BJP has suffered the most disgraceful electoral defeat it had ever had in its political history in Delhi in the elections to the Legislative Assembly in February 2015. Even though it may draw some consolation in almost retaining its earlier support base from 2013, it is pertinent to analyse dispassionately and without partisanship the reasons for such a massive debacle particularly in the face of a challenge from a novice and naïve politician, though a shrewd and conning campaigner, and a good manipulator and manager of politics and media. Why is it that the BJP that was being projected by the media and the psephologists inside and outside as a clear winner, lost the election finally?
Time for AAP to reorganise and for BJP to be in disarray
Delhi gave a huge mandate to BJP in the Lok Sabha elections in May 2014 and Kejriwal and his coterie not only lost but was rendered irrelevant and discredited in so far as the politics in Delhi was concerned. However, BJP missed the bus by not accepting the demand of the AAP to hold fresh elections in 2014 itself. It had hurt the party in two ways: one it was painted successfully by the AAP as party was afraid of facing the elections, as it lacked the confidence to defeat the AAP. It was also able to paint BJP as one interested in forming the government with the help of money and defections.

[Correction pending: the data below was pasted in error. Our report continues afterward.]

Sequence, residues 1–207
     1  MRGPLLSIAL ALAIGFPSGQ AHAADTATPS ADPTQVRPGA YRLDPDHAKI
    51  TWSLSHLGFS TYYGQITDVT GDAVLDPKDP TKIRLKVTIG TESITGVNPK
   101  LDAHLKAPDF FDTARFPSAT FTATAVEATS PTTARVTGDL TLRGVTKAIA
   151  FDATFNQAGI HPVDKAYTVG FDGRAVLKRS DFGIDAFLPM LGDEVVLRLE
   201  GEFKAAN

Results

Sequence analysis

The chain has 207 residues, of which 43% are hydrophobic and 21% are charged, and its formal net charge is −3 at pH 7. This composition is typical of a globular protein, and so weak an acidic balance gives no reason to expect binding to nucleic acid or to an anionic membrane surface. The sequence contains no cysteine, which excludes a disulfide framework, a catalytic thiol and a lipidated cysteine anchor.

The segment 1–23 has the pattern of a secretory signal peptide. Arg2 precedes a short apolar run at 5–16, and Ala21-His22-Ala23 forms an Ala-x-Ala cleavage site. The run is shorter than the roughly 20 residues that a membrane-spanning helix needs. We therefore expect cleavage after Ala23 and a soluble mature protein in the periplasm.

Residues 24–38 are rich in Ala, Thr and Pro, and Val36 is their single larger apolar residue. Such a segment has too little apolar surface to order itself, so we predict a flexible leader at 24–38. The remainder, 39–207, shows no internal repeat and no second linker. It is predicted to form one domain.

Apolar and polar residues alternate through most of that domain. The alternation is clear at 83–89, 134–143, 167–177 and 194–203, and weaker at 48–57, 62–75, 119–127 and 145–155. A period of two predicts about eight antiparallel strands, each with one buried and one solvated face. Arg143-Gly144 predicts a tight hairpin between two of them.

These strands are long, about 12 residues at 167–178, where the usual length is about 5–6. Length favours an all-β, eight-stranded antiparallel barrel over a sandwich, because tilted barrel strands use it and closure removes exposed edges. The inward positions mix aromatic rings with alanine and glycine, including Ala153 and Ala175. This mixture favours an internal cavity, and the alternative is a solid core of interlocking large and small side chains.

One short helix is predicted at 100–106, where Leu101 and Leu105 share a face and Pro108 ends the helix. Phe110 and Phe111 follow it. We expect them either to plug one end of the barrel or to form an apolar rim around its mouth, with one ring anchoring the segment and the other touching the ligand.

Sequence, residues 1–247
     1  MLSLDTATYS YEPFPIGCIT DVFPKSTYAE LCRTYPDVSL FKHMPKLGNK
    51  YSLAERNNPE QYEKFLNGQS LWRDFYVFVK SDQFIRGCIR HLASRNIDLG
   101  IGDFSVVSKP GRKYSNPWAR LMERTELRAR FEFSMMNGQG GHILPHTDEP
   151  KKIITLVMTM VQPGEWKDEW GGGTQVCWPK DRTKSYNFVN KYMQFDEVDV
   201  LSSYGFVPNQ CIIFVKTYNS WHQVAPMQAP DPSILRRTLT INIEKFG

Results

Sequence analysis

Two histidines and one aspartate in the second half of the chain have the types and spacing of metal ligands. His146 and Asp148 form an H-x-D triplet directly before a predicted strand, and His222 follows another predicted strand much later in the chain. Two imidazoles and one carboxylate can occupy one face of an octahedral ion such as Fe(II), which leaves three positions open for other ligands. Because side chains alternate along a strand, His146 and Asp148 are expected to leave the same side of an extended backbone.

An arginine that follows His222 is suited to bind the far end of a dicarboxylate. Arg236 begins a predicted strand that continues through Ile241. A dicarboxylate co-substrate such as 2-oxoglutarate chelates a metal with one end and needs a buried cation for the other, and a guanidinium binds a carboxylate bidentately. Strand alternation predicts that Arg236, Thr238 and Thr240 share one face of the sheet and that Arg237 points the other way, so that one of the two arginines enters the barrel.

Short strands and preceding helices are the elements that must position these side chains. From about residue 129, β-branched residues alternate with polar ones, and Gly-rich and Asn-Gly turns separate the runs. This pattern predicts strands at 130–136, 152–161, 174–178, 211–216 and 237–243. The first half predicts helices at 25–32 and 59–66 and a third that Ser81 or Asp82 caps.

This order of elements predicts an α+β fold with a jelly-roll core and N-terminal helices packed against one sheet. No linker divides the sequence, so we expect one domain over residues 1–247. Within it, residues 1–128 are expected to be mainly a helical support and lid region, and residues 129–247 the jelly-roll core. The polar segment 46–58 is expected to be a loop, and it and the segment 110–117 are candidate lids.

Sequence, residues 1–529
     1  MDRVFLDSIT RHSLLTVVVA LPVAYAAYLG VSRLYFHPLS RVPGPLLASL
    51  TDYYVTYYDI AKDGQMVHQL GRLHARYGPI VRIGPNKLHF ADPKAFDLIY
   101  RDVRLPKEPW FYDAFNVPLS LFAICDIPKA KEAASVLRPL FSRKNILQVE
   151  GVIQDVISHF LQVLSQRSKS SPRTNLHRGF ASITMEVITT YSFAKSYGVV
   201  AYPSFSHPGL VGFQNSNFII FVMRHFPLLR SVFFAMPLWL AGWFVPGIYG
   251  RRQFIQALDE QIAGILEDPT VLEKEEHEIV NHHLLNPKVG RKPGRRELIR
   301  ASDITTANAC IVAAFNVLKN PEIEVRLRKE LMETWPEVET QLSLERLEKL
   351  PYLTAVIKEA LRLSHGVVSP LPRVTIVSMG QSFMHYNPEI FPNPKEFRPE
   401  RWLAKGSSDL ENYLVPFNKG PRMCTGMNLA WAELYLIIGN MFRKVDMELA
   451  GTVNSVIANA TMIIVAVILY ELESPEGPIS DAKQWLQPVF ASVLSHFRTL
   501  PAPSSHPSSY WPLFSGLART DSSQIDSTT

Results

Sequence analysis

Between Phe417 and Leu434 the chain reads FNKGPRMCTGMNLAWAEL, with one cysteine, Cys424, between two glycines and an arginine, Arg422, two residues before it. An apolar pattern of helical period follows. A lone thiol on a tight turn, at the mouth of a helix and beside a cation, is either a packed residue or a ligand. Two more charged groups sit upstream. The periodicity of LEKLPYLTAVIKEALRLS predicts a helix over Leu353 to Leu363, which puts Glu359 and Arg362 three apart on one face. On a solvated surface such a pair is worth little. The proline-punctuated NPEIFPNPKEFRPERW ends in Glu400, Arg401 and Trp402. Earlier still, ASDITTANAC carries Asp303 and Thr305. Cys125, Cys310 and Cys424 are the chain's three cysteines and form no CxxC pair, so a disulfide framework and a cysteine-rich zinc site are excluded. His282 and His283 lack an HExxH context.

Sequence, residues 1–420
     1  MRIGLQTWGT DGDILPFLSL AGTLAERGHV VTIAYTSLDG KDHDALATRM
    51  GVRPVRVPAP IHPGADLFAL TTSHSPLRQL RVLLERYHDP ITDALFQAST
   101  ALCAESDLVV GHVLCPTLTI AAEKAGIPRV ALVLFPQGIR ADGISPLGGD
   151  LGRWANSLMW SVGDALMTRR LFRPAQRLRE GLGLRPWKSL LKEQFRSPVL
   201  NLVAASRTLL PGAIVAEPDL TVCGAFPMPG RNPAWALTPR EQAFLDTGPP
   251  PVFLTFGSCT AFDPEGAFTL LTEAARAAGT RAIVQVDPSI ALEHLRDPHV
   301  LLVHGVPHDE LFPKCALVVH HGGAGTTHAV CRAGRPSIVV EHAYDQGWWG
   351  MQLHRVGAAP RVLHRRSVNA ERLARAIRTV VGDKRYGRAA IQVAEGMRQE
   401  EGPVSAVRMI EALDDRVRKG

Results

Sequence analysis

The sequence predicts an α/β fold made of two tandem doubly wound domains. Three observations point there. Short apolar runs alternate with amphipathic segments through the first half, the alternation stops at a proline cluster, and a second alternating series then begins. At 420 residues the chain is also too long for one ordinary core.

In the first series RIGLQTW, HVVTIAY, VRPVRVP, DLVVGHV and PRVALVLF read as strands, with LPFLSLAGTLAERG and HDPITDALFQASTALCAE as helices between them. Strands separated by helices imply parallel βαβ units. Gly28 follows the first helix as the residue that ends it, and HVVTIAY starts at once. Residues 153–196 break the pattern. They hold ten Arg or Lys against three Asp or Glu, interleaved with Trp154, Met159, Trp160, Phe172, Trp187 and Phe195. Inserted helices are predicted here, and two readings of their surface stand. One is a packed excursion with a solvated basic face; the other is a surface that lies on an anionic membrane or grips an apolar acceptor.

BJP on its part was in doldrums and indecisive whether to form or not to form the government. Had it taken a firm decision to either form government or to declare elections in 2014, it would have certainly drawn the match in its favour because AAP and its leadership was demoralised and was facing worst criticism and crisis of trust for not being able to govern Delhi and for betraying the Delhi electorate. By not taking a correct and prompt decision and by postponing the elections, BJP gave ample time to AAP and its leader Kejriwal to retrieve the lost political ground by apologising for his hasty resignation and asking people to give him absolute majority for five years promising in return a stable government by not tendering his resignation in any circumstances. It also gave ample time to Kejriwal to mobilise and reorganise his cadre, finance, and confidence.
Selection of candidates
Here also the AAP left BJP far behind and announced its candidates months in advance to give them opportunity to undertake one to one contact programme, use this in long term to discredit BJP on welfare of people and present itself as the only viable alternative to BJP to work for the good of the poor and slums. Both the congress and the AAP politicised the coat episode to their advantage by trying to present the BJP as a pro-rich party. Politics is all about perceptions after all. BJP, on the other hand decided its candidates on almost the last day of filing nomination papers.